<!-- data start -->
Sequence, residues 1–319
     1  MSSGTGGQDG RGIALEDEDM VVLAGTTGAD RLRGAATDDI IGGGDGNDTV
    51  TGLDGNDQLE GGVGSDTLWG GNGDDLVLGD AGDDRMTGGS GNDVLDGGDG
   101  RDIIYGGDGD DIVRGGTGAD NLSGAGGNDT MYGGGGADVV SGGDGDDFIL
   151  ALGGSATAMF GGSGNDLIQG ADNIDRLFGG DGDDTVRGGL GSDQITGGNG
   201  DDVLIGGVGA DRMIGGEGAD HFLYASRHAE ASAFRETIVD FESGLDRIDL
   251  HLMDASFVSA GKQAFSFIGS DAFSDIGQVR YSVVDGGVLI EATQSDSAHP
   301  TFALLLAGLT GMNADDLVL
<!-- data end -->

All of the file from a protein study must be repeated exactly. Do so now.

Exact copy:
Sequence, residues 1–319
     1  MSSGTGGQDG RGIALEDEDM VVLAGTTGAD RLRGAATDDI IGGGDGNDTV
    51  TGLDGNDQLE GGVGSDTLWG GNGDDLVLGD AGDDRMTGGS GNDVLDGGDG
   101  RDIIYGGDGD DIVRGGTGAD NLSGAGGNDT MYGGGGADVV SGGDGDDFIL
   151  ALGGSATAMF GGSGNDLIQG ADNIDRLFGG DGDDTVRGGL GSDQITGGNG
   201  DDVLIGGVGA DRMIGGEGAD HFLYASRHAE ASAFRETIVD FESGLDRIDL
   251  HLMDASFVSA GKQAFSFIGS DAFSDIGQVR YSVVDGGVLI EATQSDSAHP
   301  TFALLLAGLT GMNADDLVL